5. Sorghum


1. Black holes are objects whose gravity is so strong not even light can escape their pull

2. They can be created when massive stars collapse under their own weight

3. Large black holes can also be formed when smaller ones collide and merge

4. The biggest black holes lurk at the centre of many galaxies, including our own

5. Astronomers believe that when the universe was very young, black holes affected how galaxies formed


Virat Kohli (captain), Rohit Sharma (vice-captain), Shikhar Dhawan, Ajinkya Rahane, Manish Pandey, Kedar Jadhav, Dinesh Karthik, Mahendra Singh Dhoni (wicketkeeper), Hardik Pandya, Axar Patel, Kuldeep Yadav, Yuzvendra Chahal, Jasprit Bumrah, Bhuvneshwar Kumar, Shardul Thakur

New Zealand
Kane Williamson (captain), Martin Guptill, Colin Munro, Ross Taylor, Tom Latham (wicketkeeper), Henry Nicholls, Ish Sodhi, George Worker, Glenn Phillips, Matt Henry, Colin de Grandhomme, Mitchell Santner, Tim Southee, Adam Milne, Trent Boult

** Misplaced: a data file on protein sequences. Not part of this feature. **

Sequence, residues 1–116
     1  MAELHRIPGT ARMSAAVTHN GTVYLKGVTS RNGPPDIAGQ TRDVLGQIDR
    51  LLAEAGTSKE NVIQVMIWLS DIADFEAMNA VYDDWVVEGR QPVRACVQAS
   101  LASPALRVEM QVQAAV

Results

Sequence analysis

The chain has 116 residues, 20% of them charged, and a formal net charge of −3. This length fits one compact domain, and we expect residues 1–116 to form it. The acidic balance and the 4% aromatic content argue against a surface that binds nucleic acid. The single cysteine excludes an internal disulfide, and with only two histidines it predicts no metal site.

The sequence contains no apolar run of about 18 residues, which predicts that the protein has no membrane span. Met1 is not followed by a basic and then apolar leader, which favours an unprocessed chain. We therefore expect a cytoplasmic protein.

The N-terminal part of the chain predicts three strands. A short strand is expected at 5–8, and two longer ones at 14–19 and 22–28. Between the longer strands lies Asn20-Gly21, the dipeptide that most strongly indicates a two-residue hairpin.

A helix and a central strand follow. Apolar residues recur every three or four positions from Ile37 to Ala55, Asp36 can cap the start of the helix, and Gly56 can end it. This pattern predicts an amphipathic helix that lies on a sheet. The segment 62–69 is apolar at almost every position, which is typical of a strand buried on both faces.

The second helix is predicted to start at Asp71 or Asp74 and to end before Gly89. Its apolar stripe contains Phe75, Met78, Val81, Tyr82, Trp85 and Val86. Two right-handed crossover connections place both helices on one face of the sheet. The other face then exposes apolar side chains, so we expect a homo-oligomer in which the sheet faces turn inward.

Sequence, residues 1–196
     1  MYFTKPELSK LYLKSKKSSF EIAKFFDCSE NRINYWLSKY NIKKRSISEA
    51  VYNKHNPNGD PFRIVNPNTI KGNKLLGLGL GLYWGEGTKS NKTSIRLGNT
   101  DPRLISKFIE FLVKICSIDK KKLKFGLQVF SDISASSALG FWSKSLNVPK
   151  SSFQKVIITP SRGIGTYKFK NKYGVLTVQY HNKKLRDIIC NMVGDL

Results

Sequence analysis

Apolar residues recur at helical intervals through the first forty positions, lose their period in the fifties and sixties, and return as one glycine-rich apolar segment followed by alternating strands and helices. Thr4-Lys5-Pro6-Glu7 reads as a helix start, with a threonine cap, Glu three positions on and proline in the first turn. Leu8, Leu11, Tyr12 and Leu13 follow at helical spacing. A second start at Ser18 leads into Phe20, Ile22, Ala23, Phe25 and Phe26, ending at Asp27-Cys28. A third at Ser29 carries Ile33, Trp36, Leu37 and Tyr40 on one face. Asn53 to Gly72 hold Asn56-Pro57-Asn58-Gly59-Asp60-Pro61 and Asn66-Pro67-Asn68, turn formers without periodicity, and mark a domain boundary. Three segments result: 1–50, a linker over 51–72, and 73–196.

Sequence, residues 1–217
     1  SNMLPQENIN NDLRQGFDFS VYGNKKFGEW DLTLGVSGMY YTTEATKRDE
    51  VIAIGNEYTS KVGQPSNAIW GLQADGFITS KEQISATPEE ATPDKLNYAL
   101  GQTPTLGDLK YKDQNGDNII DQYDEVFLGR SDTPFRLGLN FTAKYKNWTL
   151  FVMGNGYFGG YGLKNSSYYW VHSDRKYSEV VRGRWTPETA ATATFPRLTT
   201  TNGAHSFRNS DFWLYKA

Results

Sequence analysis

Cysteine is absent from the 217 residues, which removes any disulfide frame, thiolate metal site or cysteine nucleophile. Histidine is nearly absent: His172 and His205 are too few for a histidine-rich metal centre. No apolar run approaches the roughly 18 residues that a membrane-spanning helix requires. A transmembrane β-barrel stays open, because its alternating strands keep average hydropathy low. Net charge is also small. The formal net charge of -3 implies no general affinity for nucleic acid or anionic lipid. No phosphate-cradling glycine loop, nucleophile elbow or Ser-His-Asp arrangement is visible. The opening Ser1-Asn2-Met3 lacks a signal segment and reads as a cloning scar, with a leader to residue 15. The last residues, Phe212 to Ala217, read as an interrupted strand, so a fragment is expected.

Name: Xpanceo

Started: 2018

Founders: Roman Axelrod, Valentyn Volkov

Based: Dubai, UAE

Industry: Smart contact lenses, augmented/virtual reality

Funding: $40 million

Investor: Opportunity Venture (Asia)

The Witcher - season three

Director: Various

Henry Cavill, Freya Allan, Anya Chalotra



Company name: Almouneer
Started: 2017
Founders: Dr Noha Khater and Rania Kadry
Based: Egypt
Number of staff: 120
Investment: Bootstrapped, with support from Insead and Egyptian government, seed round of
$3.6 million led by Global Ventures

The stats

Ship name: MSC Bellissima

Ship class: Meraviglia Class

Delivery date: February 27, 2019

Gross tonnage: 171,598 GT

Passenger capacity: 5,686

Crew members: 1,536

Number of cabins: 2,217

Length: 315.3 metres

Maximum speed: 22.7 knots (42kph)

A meeting of young minds

The 3,494 entries for the 2019 Sharjah Children Biennial come from:

435 – UAE

2,000 – China

808 – United Kingdom

165 – Argentina

38 – Lebanon

16 – Saudi Arabia

16 – Bangladesh

6 – Ireland

3 – Egypt

3 – France

2 – Sudan

1 – Kuwait

1 – Australia